Wednesday, June 12, 2013

From Proctor to Hinckley: A Tale of Two Crashes

I was spending this evening staring at the TV until a thunderstorm rolled through that killed our satellite signal. So I decided to turn off the tube, turn on some music, and write while I listen to the thunder and the rain outside my windows.

I promised to write part II of my cycling adventure this past weekend so hear it is.

We were so lucky with the weather on Friday night into Saturday morning.  There wasn't a cloud in the sky and the temp only dropped into the lower 50s. Wow, such a change from prior years when the tent and grass surrounding it were covered in frost.  It was definitely a welcomed change.  We were awake and up by 4:30 when everyone else around us started rustling in their tents. I never sleep well on the ground so I did not get a full night's rest but I was up anyway.  Dad and I assessed the weather and dressed appropriately.  There was a chance for rain so we had our rain gear in tow.  We got our teeth brushed and broke down the tent, packing things away. The MS 150 organizers allow each rider two pieces of luggage, which we both utilized. Camping gear sure does take up a ton of room.  The other great thing the organizers do is transport your luggage from Proctor to Hinckley, and then again from Hinckley to our final destination in White Bear Lake.  After we got our baggage on the truck, we decided to skip the lines for the complementary pancake breakfast and get on the road.  The ride didn't officially start until 6:30 but we departed right around 6:00 to beat the crowds.  There were 3,800 riders this year!  That's a lot of people to share the road with.

We were off! The air was a little chilly and the side roads we certainly bumpy.  Because of last year's flooding in Duluth (pictures) we had to delay our entrance onto the Willard Munger State Trail.  This year's high rains still made some of the rivers a sight to be seen.  We finally hopped on the trail in the town of Carlton where our first rest stop was located. Ride organizers place rest stops every 10-15 miles along the route. It's helpful to break down the ride into smaller segments; it doesn't seem so daunting.

The ride was going smoothly until we got to a curvy part in the trail.  Most of the trail is an old rail line so, as you can guess, the trail is pretty flat and very straight. These curvy hills really snuck up on us with no warning.  They were fast and fun. That is until we came up on a group of people stopping us at the top of a hill.  A rider was on the ground off to the side of the trail. Another man was holding his head still and blood was dripping heavily from his nose.  A few other riders were stopped on their cell phones.  We jumped off our bikes and started walking, along with the other cyclists that had been riding near us.  We were told an ambulance had been called and was coming.  That was true.  We were forced off our bikes again, happily, when we encountered the emergency vehicle a few miles up the trail.  We later heard that he was passing another cyclist on one of the uphill climbs and the person he was passing lost control of his bike and swung out in front of him, hitting his tire and causing him to crash.  As far as we heard, he broke his collar bone but was going to be alright.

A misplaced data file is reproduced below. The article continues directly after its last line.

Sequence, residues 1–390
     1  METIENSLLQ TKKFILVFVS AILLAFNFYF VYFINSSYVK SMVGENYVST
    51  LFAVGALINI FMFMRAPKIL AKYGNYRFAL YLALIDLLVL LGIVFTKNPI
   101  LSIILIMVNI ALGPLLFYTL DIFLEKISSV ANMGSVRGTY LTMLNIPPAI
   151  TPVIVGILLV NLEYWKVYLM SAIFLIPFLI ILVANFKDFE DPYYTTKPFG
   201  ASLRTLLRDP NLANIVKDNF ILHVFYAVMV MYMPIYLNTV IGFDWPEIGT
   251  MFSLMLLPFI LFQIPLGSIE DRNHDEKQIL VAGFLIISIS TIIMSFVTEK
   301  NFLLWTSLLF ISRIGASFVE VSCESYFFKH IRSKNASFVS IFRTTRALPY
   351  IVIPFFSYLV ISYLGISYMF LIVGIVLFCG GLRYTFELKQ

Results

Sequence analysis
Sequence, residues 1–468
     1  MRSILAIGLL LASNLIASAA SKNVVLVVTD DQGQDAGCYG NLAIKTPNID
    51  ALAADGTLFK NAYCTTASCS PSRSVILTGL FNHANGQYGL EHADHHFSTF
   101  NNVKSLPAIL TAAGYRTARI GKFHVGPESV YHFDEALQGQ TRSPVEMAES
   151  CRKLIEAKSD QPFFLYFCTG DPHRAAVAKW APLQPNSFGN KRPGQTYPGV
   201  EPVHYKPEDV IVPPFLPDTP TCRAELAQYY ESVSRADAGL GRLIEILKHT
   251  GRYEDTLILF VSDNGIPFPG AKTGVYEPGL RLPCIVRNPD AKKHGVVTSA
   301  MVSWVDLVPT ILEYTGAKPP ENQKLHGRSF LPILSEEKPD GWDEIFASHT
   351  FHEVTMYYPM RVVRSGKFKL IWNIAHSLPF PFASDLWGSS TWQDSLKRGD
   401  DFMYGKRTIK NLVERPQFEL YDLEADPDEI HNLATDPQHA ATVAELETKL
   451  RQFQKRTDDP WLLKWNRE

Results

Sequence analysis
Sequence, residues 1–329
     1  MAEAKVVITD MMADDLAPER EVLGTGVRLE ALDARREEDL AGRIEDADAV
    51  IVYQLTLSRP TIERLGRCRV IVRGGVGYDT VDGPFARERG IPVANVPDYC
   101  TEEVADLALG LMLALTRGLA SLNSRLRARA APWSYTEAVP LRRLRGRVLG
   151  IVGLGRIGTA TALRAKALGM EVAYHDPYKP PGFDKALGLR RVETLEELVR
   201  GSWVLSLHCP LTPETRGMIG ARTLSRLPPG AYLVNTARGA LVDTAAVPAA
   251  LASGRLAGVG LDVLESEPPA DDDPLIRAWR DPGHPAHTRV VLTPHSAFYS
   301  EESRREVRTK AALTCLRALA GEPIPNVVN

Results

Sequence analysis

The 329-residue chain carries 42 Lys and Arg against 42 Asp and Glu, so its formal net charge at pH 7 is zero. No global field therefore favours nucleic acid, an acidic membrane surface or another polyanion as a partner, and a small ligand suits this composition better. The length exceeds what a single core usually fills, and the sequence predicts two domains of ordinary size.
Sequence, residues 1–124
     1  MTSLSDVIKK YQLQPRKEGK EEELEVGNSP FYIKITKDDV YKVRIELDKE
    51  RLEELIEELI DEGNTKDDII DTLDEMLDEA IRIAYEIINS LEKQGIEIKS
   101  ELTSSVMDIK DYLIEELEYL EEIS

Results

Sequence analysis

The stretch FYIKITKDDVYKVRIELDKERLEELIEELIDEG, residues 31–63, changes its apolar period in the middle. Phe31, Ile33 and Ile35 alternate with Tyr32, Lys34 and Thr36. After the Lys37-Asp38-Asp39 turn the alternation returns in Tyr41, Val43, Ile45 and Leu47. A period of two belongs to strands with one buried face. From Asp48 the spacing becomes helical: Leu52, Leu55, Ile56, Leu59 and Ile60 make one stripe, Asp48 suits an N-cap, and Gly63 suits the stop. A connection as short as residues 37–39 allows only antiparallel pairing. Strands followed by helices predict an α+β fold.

At the last rest stop, Dad and I slipped in with a group of riders that said they average about 15-16 mph, just a little faster than our 14mph averages we typically ride.  We were keeping good pace with them for the last 12 mile leg of the ride into Hinckley until we came up on the second crash of the day.  This time though the trail had been shut down with a SAG vehicle blocking the path at an intersection.  We were told there was a multi-rider crash about a mile up the trail and they were not letting us through until it was cleared.  Understandable.  Dad and I waited for about ten minutes before we decided there had to be a detour around the crash.  We asked some of the support volunteers where the highway was.  We found out it was just half a mile from where we were.  We were warned by the SAG that we would not be supported.  I dont think they realized that we never ride supported and that we would be fine.  Dad, another rider from our team, and myself set out on a great adventure down the highway.  We soon found that a lot of the rest of the stuck crowd followed us. We were sure glad we did that. We later heard that riders that stayed waited another hour and a half after we left. The crash made the local news.   We also found out that one of the members of our team was involved but was deemed alright with a concussion.

We soon found our way into Hinckley.  Saturday's festivities were being held on Grand Casino's grounds.  Our team tent was set up with tables, chairs, pig roast and beer.  Oh! That beer certainly tasted wonderful!  I had one as we were walking to the shower trucks (semi trailers set up with shower stalls) and another soon after my shower.  There is nothing as good as a hot shower and a cold beer after riding 73 miles on a bike in one day.  Mom and Alyssa drove to Hinckley to join us for dinner in the tent. There were awards given, more beer drank, and a team picture taken.  Since it was supposed to rain early in the morning, Dad and I opted to set up our tend under the big top.  After the tables and chairs were broken down in the team tent, we set up shop, along with 5-6 other campers that didn't want to brave the rain in the morning.

Join me next time for Part 3.  "From Hinckley to White Bear Lake: Mostly Rain and a SAG Wagon

1 comment:

  1. Sure would like to read part 3 - I'm doing the MS 150 next weekend and have no idea what to expect.